Riggio: Yeah. I think we have to credit Kevin Lessard also with really crafting the design for the Hilton-Perkins Program. It wasn’t that we wrote a grant to Hilton. It was really a project that was funded largely based on Kevin’s personal relationship that formed with the chairman of the board of the Hilton Foundation, Don Hubbs. So it was really the two of them that worked together to really talk through what would be the best model. 

The Hilton Foundation is an interesting foundation. They do not put out an RFP. They’re requesting people to apply for their funds. They do their research, and then they kind of put feelers out with different organizations. And then from that, they select who they’re going to support. 

And I think originally, the Hilton Foundation was thinking that maybe we should build copies of Perkins around the world and Kevin, in his wisdom, said, well, maybe that may not be the best way to work, that we should really be supporting the efforts on the ground and helping people grow their own services rather than trying to franchise our services. And I think that was very wise and so during the early years, our mission was– teacher training was a big item that we were concerned about around the world and in the United States. So we provided, with Hilton, we provided money. We provided support to some teacher training programs in deafblindness because there wasn’t enough federal support. And generally, those programs are small, and so they don’t get a lot of federal funding. 

And so we supported those programs. And we supported – I’m trying to remember all the programs in the United States. It was San Diego State University, Michigan State University, and I think some program in Alabama. But anyway, we provided support to those programs.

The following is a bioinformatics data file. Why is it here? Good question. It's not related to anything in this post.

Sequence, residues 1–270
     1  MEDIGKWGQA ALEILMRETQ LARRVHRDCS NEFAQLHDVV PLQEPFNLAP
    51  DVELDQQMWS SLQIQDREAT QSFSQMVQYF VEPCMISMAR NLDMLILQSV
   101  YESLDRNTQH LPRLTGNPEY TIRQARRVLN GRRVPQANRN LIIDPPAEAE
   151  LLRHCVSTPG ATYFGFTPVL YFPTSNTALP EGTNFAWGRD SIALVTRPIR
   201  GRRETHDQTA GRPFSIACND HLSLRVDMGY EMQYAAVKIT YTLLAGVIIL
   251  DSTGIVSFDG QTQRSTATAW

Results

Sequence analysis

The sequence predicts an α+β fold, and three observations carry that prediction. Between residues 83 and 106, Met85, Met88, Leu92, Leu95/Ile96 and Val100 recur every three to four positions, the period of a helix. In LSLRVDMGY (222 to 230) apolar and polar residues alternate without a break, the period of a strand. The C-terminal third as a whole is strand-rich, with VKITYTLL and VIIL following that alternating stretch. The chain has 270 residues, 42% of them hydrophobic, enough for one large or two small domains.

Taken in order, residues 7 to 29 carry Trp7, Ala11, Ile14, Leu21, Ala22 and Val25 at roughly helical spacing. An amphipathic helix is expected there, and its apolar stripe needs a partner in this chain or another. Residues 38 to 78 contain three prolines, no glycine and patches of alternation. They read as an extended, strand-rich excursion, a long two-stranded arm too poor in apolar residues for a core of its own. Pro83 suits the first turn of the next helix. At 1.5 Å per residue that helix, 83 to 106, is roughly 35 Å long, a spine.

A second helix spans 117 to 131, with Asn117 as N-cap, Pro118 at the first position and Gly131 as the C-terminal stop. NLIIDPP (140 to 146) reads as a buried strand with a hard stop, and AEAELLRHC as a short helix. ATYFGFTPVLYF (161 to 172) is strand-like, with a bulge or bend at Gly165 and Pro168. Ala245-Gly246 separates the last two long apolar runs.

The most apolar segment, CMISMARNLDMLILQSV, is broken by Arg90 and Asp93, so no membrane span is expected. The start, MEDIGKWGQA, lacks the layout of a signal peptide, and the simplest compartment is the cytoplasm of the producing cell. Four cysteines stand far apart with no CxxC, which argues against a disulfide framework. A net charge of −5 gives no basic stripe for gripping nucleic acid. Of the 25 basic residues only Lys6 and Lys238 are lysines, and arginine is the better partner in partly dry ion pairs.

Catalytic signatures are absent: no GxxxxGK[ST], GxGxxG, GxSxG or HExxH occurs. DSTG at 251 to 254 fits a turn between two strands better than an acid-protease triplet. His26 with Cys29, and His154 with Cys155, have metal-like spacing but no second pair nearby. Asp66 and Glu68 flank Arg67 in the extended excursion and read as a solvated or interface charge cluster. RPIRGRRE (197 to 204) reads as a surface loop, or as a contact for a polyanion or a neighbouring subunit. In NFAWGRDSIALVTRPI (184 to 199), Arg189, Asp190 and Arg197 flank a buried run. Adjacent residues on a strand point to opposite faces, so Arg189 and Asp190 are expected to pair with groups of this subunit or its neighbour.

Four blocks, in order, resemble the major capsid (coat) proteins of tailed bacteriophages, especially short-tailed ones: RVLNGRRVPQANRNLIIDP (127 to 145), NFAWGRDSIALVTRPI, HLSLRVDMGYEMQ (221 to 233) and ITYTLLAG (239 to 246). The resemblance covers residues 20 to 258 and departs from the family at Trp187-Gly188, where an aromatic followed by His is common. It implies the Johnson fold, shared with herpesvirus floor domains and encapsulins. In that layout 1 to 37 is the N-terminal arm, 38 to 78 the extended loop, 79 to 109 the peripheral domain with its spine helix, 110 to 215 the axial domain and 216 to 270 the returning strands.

And then working with family organizations was another big priority. Kevin recognized the importance of families. And Steve Perreault was the National Family consultant for the United States when we began and so he really helped build up NAPVI, National Association of Parents of Visually Impaired, and NFADB, the National Family Association Deaf-Blindness. So he was instrumental in working with those organizations, but then – and then when we started, we also prioritized preschool, getting services to schools and preschools, improving the quality. And so in the United States, again, we worked at programs that serves unique populations. So like I said before, we had the Navajo Project. We also had multicultural projects in California and New Jersey. So it was trying to fill a void where there was some knowledge gap or a service gap. 

Coit: Right. 

Riggio: And we did that around the world. And around the world, when we began Hilton-Perkins, like I said, there was very few programs. And we knew some of the partner agencies, like Helen Keller International and CBM who worked around the world with populations of people who are blind and visually impaired. So we kind of learned from them. We got a little bit of the lay of the land from them. But I think we really started out just trying to build awareness about multiple disabilities, and visual impairment, and deaf blindness. And so we would do – I think initially, Alana Zambone, she was the coordinator for Latin America and Asia, which is where we began the international work and I know she did a lot of awareness training. 

We looked at who kind of bit when you do the awareness training and then you find the people who it resonates with, and they want more and so that’s how we developed our partnerships, with programs that we wanted to support to become model programs for kids with multiple disabilities. 

And so you know, a lot of our work – when I started in Asia, a lot of the work was really just working with programs. And the same thing in Africa was working right in the schools helping model best practice and building teams of administrators, parents, and teachers to take up the real passion or to take up the mission of sustaining, or developing sustainable services. 

Coit: Yeah. So in 1995, you said you were the coordinator. What did that role involve? 

Riggio: Yeah, I became the coordinator for Asia then. And that was just Asia– [LAUGHS] just Asia. So it was on top of the US job, so we kind of laughed about that. Because of the people have resigned and left for other reasons. And it was kind of, well, do you mind just taking Asia? 

So I was very fortunate to work with Kirk Horton, who was our regional representative on the ground. He was based in Thailand. He was an American based in Thailand. But he had experience working for Helen Keller International. So he was really helpful to me.